“You started your research based in the 1960′s before then data shows that teen pregnancy was much higher.” What do you think this statement means? We are talking about UNMARRIED teen pregnancies.
        “Pick your battle, do you want more teen moms or unwed mothers?” I don’t have to pick anything. Neither. Both are irresponsible. Unwed mothers are the worse of the two—both are generally a bad idea.
        “I am both a teen mom and an unwed mother. I live with the father of my child and have decided not to get married until I am 100% certain I will not get divorced. My son is very happy, healthy and perfect intellectually.” Which also proves nothing. If it works out for you, fine—I hope it does. It’s still a high risk, irresponsible life choice for the majority of people who choose it, and the facts are unequivocal.

        By the way, there is never 100% certainty for anything. How’s school working out? Because based on your comment, you need it, and I don’t see how you have time for it.

  4. I agree that this issue is something that we should worry about, but is there any study on this that controls for the socio-economic background of the parent’s parents (for example; comparing the conditions of single parents whose parents were poor versus married parents who were raised in poor households)? Or even controlling for the unfortunate phenomena of teenage pregnancy? I do remember reading at least one, but my mind is really hazy right now.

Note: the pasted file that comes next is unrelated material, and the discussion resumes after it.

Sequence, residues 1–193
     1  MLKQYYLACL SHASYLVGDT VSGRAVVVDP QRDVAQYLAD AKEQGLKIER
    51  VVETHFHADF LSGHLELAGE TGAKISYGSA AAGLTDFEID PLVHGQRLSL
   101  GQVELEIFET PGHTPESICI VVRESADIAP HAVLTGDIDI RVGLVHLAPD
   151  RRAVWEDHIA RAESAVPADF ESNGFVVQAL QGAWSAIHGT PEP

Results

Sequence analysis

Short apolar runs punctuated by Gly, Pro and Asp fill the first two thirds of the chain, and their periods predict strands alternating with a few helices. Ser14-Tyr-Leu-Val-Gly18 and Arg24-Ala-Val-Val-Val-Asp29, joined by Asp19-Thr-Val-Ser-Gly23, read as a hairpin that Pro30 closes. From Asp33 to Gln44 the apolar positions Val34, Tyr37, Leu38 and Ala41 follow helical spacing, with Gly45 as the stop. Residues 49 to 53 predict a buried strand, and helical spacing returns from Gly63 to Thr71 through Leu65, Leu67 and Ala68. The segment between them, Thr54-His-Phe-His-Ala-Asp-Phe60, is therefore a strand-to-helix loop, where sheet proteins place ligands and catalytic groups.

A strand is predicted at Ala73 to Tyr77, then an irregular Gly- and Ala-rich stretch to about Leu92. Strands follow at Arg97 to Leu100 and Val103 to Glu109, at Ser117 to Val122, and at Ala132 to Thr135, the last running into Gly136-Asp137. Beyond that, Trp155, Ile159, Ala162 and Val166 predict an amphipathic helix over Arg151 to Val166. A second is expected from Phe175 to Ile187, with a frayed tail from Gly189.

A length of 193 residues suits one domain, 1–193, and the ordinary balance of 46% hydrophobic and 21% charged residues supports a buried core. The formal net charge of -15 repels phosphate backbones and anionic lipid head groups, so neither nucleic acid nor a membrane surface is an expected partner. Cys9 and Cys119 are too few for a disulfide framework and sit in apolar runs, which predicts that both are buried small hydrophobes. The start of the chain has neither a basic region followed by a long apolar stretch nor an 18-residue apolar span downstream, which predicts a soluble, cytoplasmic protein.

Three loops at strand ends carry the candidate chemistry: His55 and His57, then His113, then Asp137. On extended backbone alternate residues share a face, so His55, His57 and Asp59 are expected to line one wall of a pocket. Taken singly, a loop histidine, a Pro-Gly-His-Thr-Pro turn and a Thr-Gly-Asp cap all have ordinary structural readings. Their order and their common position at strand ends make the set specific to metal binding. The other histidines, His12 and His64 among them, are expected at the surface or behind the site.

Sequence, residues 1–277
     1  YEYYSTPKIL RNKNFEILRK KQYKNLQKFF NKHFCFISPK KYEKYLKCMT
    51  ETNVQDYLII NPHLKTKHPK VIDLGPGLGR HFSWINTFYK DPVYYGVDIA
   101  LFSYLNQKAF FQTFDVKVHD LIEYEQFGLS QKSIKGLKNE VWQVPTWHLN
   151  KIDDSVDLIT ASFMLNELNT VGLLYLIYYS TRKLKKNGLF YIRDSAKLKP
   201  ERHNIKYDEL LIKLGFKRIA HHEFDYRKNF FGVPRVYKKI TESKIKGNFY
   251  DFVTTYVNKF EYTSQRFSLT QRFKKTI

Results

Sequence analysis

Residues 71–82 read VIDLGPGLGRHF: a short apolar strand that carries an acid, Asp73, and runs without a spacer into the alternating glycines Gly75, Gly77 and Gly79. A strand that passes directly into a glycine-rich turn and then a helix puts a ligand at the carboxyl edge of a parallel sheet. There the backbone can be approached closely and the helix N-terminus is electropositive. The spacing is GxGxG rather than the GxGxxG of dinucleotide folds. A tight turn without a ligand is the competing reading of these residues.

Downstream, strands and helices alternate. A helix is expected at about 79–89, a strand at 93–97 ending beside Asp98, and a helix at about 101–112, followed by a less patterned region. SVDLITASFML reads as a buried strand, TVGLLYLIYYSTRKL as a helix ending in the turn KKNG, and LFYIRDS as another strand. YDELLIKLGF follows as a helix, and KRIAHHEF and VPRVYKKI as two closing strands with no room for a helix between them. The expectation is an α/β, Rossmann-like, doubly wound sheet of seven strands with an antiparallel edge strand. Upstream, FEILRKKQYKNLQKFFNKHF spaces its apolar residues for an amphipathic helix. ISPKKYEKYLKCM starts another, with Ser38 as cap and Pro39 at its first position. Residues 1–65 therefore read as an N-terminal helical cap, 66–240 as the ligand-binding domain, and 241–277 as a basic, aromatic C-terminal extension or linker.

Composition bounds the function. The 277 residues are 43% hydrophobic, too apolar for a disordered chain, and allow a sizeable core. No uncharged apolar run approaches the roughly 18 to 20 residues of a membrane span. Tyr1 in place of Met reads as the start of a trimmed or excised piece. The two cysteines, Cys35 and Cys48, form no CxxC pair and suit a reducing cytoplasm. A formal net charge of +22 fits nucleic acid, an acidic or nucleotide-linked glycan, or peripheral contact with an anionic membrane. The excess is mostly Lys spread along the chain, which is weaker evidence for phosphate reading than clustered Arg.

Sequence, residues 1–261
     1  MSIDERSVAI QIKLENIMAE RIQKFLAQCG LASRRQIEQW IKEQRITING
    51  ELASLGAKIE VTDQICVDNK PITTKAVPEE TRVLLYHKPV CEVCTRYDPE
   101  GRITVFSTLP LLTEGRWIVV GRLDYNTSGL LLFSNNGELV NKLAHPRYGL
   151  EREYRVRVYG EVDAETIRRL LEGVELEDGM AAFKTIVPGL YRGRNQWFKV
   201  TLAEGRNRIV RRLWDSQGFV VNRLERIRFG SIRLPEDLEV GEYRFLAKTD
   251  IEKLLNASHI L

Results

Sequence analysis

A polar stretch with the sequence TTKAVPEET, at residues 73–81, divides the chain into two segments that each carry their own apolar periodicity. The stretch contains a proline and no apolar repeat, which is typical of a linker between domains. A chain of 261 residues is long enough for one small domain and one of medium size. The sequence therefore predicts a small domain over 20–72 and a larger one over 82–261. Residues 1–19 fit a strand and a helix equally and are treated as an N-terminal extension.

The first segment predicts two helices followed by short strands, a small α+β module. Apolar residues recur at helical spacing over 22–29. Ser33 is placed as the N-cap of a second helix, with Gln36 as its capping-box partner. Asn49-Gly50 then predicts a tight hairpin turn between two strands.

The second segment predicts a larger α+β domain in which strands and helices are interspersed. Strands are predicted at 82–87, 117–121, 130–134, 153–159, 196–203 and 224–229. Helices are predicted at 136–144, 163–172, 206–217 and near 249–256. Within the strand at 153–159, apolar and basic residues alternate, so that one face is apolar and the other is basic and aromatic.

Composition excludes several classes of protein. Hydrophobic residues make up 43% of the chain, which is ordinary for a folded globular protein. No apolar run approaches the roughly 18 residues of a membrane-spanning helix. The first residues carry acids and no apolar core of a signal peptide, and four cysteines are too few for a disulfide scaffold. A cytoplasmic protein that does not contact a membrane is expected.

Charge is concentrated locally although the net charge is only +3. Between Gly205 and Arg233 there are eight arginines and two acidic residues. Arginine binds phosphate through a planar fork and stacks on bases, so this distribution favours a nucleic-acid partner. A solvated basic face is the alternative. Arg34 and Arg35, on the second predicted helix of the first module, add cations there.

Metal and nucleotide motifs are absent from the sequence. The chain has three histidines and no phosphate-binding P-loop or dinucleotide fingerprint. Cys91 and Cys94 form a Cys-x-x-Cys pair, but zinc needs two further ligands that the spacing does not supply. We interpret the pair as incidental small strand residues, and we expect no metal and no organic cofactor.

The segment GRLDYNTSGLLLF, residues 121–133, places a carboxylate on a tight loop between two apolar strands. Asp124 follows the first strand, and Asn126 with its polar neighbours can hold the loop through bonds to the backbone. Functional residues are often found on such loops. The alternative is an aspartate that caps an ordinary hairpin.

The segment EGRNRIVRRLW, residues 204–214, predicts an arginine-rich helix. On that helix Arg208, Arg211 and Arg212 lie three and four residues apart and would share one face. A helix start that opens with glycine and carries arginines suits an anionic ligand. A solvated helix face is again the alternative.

• To further the point, There’s a strong correlation between poverty and unwed mothers. IAll I see see in this report is that people who can’t afford kids, shouldn’t have kids. The unwed thing appears to be unrelated.

      Make the ethics about only have kids you can afford, and then it makes sense. Too bad a large percentage of the population is poor.

      • No, having a kid without a stable family makes you poor–unless you are rich already. This is conduct that the rich can get away with, make look acceptable, and that is ruinous to the majority of the population that isn’t rich, but that follows the lead of those who are. Like recreational drugs, but even more catastrophic societally.

        • Having a kid without a stable family does not make you poor. Having a kids without the means to support it makes you poor. Often, single parents don’t have the means to support a child, but many 2 parent stable families also don’t have the means.

          Single parents aren’t the problem. Poor parents are. You could argue that it’s unethical for poor people to have kids, but that sounds horrible, so you switched to the more acceptable idea, single parents. Shame on you.

          • Having children without a stable family DOES make you poor.